). Our studies demonstrate that colitis in HLA-B27 transgenic rats is associated with prominent Th17 expansion and activation, and are consistent with the idea that it could be driven by excess local production of IL-23 in the lamina propria. In support of this, the striking inflammatory phenotype of IL-23p19 transgenic mice includes gastrointestinal inflammation (17
The extent to which IL-17 mediates intestinal inflammation in animal models remains unclear. In IL-10-deficient mice IL-17 blockade is only effective in suppressing intestinal inflammation if IL-6 is also neutralized (20
), and in other T cell-dependent inflammatory bowel disease models inhibition of Th1 responses attenuates disease (16
). In uveitis and encephalomyelitis both Th1 and Th17 cells mediate pathology (34
). In HLA-B27 transgenic rats, IL-10 administration reduced IFN-γ, IL-1β and TNF-α expression in the colon without affecting the severity of colitis (32
), consistent with the idea that other cytokines such as IL-17 may be important. In addition, Th17 cells can secrete IL-22 and IL-21, which may contribute to their pathogenicity (12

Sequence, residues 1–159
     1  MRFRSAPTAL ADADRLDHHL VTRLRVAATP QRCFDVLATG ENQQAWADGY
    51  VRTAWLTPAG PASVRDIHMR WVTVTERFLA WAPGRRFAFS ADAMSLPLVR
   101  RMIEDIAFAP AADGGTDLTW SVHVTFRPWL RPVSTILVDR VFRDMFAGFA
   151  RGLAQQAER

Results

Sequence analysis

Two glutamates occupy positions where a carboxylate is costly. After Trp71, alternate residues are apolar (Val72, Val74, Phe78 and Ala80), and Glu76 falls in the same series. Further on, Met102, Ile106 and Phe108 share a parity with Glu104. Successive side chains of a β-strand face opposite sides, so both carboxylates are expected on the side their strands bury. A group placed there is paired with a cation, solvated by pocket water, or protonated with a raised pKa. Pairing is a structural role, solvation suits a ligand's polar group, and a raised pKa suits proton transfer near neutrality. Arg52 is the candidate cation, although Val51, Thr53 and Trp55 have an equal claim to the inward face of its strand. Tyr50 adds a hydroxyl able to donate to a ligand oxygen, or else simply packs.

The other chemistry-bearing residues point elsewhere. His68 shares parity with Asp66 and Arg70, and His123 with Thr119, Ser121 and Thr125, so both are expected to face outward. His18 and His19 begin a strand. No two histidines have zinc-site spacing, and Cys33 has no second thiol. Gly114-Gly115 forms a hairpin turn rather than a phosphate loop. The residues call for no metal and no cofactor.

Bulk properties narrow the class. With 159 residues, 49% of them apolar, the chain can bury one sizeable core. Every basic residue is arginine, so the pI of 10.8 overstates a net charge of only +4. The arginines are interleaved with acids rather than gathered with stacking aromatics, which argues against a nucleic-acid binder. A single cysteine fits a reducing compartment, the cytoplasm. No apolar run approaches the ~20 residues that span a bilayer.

). Thus, while IL-17 is pro-inflammatory and clearly responsible for pathology in some animal models of inflammatory bowel disease (16
), we do not at this time know its relative importance in the context of other pro-inflammatory cytokines in HLA-B27 transgenic rats.
Interestingly, IFN-γ is an antagonist of Th17 development in mice (37
), and genetic ablation of IFNG
results in Th17 expansion and exacerbates several types of Th17-mediated immunopathology (39
). However, in humans with psoriasis, IFN-γ has been shown to induce Th17 T cells, in part through enhancing IL-23 expression, and promote their trafficking and function (40
). In HLA-B27 transgenic but not WT rats, our data suggest that IFN-γ promotes IL-23 expression via HLA-B27-induced ER stress and UPR activation. In addition, preliminary studies suggest that a subset of Th17 CD4+ T cells in the colon of HLA-B27 transgenic rats also expresses IFN-γ (unpublished observations), consistent with evidence for IL-17/IFN-γ double positive T cells in humans (41